On Thu, Jan 25, 2001 at 01:58:29PM -0500, Eliezer S. Yudkowsky wrote:
> > Moreover, I find the idea that we should follow an 'optimum' set of rules
> > because we evolved that way morally abhorrent. You do realise that this
> > is the root of the argument deployed by various bigots for banning/killing
> > homosexuals? "It isn't natural ..."
> I find the idea of doing a pattern copy on evolution's unsupported word to
> be morally abhorrent - but if the optimum set of rules for a human society
> isn't determined by our existing set of adaptations, what *is* it
> determined by?
I'll stick my neck out here (because I am *not* sure that what I'm
about to assert makes sense and is internally consistent) and say that
human beings are not intelligent, in absolute terms: however, we're
just sufficiently intelligent enough to communicate abstract rules for
re-programming our own individual and collective behaviour. Call them
memes if you like.
(If you like, we're as dumb as it's possible to be and still be
a virtual machine for running memes on.)
Because of our neurological plasticity, we can support a wide range
of different behaviours, both at the individual and collective levels.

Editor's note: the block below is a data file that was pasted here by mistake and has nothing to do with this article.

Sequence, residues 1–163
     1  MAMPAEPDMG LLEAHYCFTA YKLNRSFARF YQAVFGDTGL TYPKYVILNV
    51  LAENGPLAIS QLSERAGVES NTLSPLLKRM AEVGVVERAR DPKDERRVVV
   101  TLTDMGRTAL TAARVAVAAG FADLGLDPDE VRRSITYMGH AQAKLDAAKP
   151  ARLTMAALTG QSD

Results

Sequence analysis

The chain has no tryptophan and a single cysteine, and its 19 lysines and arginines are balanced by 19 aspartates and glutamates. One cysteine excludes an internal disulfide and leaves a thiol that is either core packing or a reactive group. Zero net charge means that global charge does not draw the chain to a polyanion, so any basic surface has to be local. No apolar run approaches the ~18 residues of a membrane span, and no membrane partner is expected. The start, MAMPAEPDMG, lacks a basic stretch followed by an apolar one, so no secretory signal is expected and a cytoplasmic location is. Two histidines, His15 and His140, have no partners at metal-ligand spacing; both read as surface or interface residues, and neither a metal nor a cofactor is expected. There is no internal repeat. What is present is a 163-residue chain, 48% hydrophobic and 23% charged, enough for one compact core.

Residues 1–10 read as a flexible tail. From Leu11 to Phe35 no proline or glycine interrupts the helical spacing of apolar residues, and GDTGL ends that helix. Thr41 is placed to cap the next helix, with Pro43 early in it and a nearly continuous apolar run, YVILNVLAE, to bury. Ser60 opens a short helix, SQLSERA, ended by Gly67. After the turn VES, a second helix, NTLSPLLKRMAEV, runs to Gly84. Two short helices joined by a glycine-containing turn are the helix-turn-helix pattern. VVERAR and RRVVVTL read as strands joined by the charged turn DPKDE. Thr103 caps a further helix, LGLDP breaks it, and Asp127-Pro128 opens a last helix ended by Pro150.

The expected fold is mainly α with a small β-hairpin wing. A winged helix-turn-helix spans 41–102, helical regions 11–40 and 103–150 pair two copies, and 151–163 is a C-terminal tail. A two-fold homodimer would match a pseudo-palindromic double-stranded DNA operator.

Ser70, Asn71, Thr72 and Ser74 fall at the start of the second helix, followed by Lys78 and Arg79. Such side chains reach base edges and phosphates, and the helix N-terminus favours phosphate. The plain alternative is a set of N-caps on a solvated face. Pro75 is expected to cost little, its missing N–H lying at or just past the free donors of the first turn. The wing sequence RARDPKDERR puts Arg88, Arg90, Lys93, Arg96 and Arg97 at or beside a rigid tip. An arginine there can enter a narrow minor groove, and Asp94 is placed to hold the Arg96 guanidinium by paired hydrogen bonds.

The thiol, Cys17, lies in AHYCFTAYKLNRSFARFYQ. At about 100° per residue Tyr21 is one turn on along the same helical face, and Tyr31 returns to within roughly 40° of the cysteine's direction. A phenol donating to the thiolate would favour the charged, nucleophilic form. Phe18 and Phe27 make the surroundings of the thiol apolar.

Asking what is the optimum set of behaviour for a human society to run
on is therefore a bit like asking what is the optimum operating system
for a cluster of computers to run -- it depends what task you're trying
to accomplish. Some possible designs are obviously faulty, and end up
crashing all their hardware very rapidly. Others show differences in
performance; yet more only operate at peak efficiency when under external
stress (e.g. the application of a rule of terror to a centrally planned
police state). But we're probably not going to find an effective way of
distinguishing between competing viable designs that show near-ideal
performance. Indeed, it may be that there are *multiple* optimal sets
of rules for governing human behaviour.
I don't like teleological arguments, but if there's any trend to our
development since H. Sapiens Sapiens emerged, it's towards generating
and transmitting ever more complex memes. Recently we (that is: some of
our memes) figured out how to build other machines that may, in time,
act as substrate for memes to colonize; if/when this happens, our memes
will no longer be restricted by our wetware.
(Hell, I just sold two novellas about this to Isaac Asimov's SF magazine.
As for our the technocapitalist economy/volitional
philanthropy/libertarian government idea, that's merely one possible
social operating system among many -- and one that is selected for a
high probability of producing alternate virtual machines for our memes
to colonize. If you like, it's pandering to software bloat ;-)
This archive was generated by hypermail 2b30 : Mon May 28 2001 - 09:56:25 MDT